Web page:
Rachel Murphy, 27, is tucked behind her sewing machine full-time, making Irish dance dresses, liturgical wear and wall hangings from her pintsized workshop in South Ashland, and the embroidery — the most difficult part — is her favorite, she said.

Rachel Murphy had never embroidered before when, at 22, she sat down before her mother's sewing machine to try to stitch tiny lettering on the hem of an Irish dance dress.

Now, five years later, she's tucked behind her sewing machine full-time, making similar dresses, liturgical wear and wall hangings from her pint-sized workshop in south Ashland, and the embroidery — still the most difficult part — is her favorite, she said.

"I totally fell in love with it," Murphy said last week, sitting in her studio surrounded by swaths of silk fabric and completed dresses hanging from a curtain in her closet — behind which she keeps most of her personal belongings, as the space doubles as her bedroom. "I love working with beautiful fabrics and I love making beautiful things."

That first dress, Murphy helped make for her teenage sister — who needed it for dance competitions — because the family of eight couldn't spring for the $2,000 or more designer frocks.

"I was so thrilled about the dress," said her sister Maire (pronounced Mara), now 19 and a sophomore at SOU majoring in theater. "She is fantastic. It's an extremely arduous business and I know that she puts so much time and energy in to each and every dress. Even from the get-go she had so much talent."

The deep blue, purple and gold dress was a knockout at competitions, Maire said, and soon a family friend commissioned Murphy to make another teen's dress.

Murphy's mother, Debra — who had bought a sewing machine and taught herself to make Maire's dress — showed the budding seamstress the basics.

"When she did the next dress, I walked her through it and she very quickly went way beyond anything I could have done. It's definitely her calling and not mine," said Debra, who owns the local book publishing company Idylls Press.

The following year, Murphy founded Silverlode Needlecraft, borrowing the name of a river in J. R. R. Tolkien's books, which she draws on for inspiration, she said, describing herself as a "Tolkien fanatic." In fact, the lettering she embroidered on Maire's dress was part Elvish, a language Tolkien created, and part Gaelic, an homage to the family's Irish roots.

With the help of her brother John, Murphy created a Web site, www.SilverlodeNeedlecraft.com, and started making dresses for dancers living as far away as Scotland, from her parent's home in Salem, where the family lived until moving to Ashland this June. The family visited Ashland each year for more than a decade to see the Oregon Shakespeare Festival and when Murphy's father, Daniel, was hired as the CEO of Community Works, a local nonprofit, the family decided to relocate, Murphy said.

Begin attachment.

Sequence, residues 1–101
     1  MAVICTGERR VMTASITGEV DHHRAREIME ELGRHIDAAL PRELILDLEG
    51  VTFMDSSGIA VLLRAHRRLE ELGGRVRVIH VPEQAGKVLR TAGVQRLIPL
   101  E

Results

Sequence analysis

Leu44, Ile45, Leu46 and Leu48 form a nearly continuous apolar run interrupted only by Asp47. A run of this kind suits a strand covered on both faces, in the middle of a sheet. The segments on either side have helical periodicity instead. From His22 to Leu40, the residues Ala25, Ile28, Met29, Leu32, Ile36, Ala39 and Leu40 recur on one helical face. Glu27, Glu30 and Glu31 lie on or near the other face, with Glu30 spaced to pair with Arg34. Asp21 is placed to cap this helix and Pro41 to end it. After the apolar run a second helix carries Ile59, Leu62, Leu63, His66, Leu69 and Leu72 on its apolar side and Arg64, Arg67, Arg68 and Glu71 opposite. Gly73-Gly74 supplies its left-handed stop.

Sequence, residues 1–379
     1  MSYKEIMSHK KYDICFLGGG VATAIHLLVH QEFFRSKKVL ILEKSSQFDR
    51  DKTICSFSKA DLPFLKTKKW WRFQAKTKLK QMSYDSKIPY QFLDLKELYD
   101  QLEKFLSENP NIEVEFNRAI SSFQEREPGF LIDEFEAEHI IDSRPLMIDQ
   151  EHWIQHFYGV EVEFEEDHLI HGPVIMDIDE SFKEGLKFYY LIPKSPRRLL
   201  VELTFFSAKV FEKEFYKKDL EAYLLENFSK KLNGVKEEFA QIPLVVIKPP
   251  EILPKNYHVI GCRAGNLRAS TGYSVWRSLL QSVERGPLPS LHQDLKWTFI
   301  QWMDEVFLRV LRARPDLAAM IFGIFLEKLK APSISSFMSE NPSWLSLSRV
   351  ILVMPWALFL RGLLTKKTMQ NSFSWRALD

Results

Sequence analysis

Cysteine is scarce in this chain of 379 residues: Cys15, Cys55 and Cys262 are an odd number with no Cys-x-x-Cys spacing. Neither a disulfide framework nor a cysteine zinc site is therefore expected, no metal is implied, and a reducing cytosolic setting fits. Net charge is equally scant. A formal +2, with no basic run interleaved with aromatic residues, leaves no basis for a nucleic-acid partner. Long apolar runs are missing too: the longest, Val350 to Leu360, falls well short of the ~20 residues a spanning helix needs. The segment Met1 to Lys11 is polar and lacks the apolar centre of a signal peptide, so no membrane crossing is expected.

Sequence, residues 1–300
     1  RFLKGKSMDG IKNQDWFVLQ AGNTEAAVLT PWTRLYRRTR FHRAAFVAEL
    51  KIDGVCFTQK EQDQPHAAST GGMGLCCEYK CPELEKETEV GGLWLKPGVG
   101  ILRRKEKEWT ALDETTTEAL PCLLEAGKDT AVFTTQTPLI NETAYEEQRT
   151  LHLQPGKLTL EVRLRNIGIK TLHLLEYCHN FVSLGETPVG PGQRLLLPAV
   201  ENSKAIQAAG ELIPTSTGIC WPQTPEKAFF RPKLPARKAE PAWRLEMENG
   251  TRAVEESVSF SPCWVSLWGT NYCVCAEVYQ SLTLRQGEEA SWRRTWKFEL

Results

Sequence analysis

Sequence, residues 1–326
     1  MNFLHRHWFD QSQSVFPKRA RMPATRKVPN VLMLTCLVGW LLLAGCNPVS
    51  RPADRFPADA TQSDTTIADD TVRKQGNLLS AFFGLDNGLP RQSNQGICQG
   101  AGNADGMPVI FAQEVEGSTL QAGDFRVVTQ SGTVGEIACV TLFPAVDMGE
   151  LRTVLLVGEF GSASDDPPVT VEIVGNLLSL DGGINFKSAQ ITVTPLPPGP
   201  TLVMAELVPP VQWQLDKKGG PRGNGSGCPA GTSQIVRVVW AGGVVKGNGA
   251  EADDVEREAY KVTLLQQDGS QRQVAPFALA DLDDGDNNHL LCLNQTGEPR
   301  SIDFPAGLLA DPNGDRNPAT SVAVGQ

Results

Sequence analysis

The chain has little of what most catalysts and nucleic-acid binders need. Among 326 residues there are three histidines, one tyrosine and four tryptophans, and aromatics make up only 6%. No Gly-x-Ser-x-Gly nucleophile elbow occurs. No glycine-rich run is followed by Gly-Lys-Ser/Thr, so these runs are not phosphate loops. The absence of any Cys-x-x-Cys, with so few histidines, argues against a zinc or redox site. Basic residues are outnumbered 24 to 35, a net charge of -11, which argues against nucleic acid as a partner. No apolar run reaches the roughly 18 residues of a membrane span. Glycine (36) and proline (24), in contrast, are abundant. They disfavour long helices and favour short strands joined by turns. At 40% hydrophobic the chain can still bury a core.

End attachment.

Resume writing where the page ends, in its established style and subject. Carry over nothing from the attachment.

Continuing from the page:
"In Salem I was working for several years in a chilly, damp basement, pulling all-nighters and my family got used to seeing me all bundled up in my scarves and sweaters," she said, stroking her cat as it slinked through the shag carpet in the home she shares with her brother John, just down the street from her parents' house.

Her dresses now sell for as much as $1,750 and take her more than 100 hours to create. Murphy makes only about a dozen each year and is already booked through 2009.

"Once you get to a certain level in Irish dance, you earn a solo dress, which is a one-of-a-kind dress. No one should have the same pattern or color scheme," said Murphy, explaining how she must design each dress from scratch.

The designer does mostly custom work, but also has created a few readymade dresses, which can be bought online.

For custom dresses, dancers send their measurements, photographs of themselves and a deposit to Murphy, and she sends them swatches of fabric, sketches of her designs and cotton mock-ups of the dresses — before she even begins sewing the frocks.

She recently also started making embroidered wall hangings and liturgical wear, which are simpler projects than dresses, but rely on many of the same techniques.

The seamstress usually doesn't meet her clients in person, as she communicates with them mostly through e-mail.

"I love the solitary work," Murphy said. "I really have a passion for the quiet work — and there's a lot of quiet work. I rely a lot on audio books."

But Murphy also felt called this year to do work in the community, so she is attending training to become a part-time nurse's assistant at Linda Vista Nursing & Rehab Center in Ashland.

At least one part of the new job should be a cinch for Murphy: She's already mastered paying attention to detail.

"My mom says, if you've figured out how to make an Irish dance dress, you can probably learn to do anything," she joked.

Staff writer Hannah Guzik can be reached at 482-3456 ext. 226 or hguzik@dailytidings.com.